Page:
Monday, February 28, 2011

How useful are yoga DVDs to yoga practice?

I just read this article on Elephant Journal about the (dis)value of yoga DVDs in cultivating a yoga practice. The writer argues that effective yoga instruction is characterized by three components:

1.      Intimacy: Yoga is more than a technique. It is a way of being. And that way of being can only be learned by being in proximity to it. You don’t learn yoga so much as you absorb it.
2.     Interactivity: Yoga requires feedback. As students of yoga, we cannot see ourselves clearly. Mirrors provide only a reflection. Only a teacher can see us as we are help us align with our true nature.
3.     Individuality: Yoga is adaptable in order to meet the needs of different people in different contexts.  Muscle-bound manual laborers in the Yukon perform postures differently, have different needs, and require different instructions than lithe ex-dancers in New York City.

DVDs, by their very nature, fail to deliver any of these three components. Therefore, DVDs fail as a mode of yoga instruction. 
I think the writer is correct in his observations, and I suppose for most seasoned Ashtangis, this whole issue is moot anyway. Whether you practice in a shala or by yourself at home, you are working with a preset sequence of postures (primary, second, third, fourth, or beyond), and if you're trying to maintain drishti, the last thing you need is to be distracted by somebody with a big voice on a TV screen :-)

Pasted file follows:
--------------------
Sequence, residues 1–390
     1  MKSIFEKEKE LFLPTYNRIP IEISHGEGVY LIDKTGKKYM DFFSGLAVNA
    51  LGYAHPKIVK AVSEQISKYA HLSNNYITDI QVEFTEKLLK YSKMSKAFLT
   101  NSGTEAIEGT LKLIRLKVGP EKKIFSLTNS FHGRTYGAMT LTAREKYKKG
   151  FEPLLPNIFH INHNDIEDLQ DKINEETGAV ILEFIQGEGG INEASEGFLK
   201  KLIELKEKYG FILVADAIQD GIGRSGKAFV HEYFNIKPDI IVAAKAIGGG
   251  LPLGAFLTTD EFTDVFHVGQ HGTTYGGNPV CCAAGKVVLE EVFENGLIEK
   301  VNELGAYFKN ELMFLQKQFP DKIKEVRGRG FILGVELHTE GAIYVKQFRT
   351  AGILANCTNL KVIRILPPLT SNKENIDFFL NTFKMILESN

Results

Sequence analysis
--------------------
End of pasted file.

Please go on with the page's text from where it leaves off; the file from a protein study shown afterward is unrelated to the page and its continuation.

But as with many other things, I think the answer you get regarding a particular issue depends very much on the question you ask. If the question is: Are yoga DVDs a good mode of yoga instruction? The answer would be no (for the reasons stated above). However, if the question is: Can yoga DVDs serve a positive function within the yoga practice? Then the answer is more complicated.This is so, because even if yoga DVDs are not in themselves a good mode of yoga instruction, there are other things they can do. Here are a few:

(1) They can get somebody who is new to yoga interested in yoga, and become motivated to delve deeper. While this is not in itself a substitute for working with a teacher, it can get the curious individual started on a path which would eventually lead to him or her finding the yoga style and/or teacher that works for him or her. As a matter of fact, we have a living example of this: In her latest post, Christine talks about how it was a yoga video that got her started on her yoga journey.

(2) They can give somebody who is new to yoga an idea of the different styles, teachers and possibilities out there. When I first started doing yoga in grad school, I was a "yoga sponge": I went to all the yoga classes I could afford, which was not that many, considering my budget. Later on, I became a yoga teacher at the local yoga studio, despite my total lack of certification (flashes mental birdie at Yoga Alliance here :-)), and was able to go to all the classes there for free. But this is another story for another post. But as I was saying, when I first started doing yoga, I was a sponge trying to soak in everything that could possibly be learnt about every school of yoga under the sun. Since I couldn't afford that many classes at that time, DVDs were a useful way for me to get a sampling of the different major styles out there.

(3) They are a way for people who don't have the time and/or money to take classes to continue to do yoga. Especially in these economically challenging times, this is very vital. Yes, there are the three pitfalls listed earlier, but I believe that some yoga (no matter where it comes from) is better than no yoga. Actually, I also believe that the only cure for yoga is more yoga, but this for another post :-)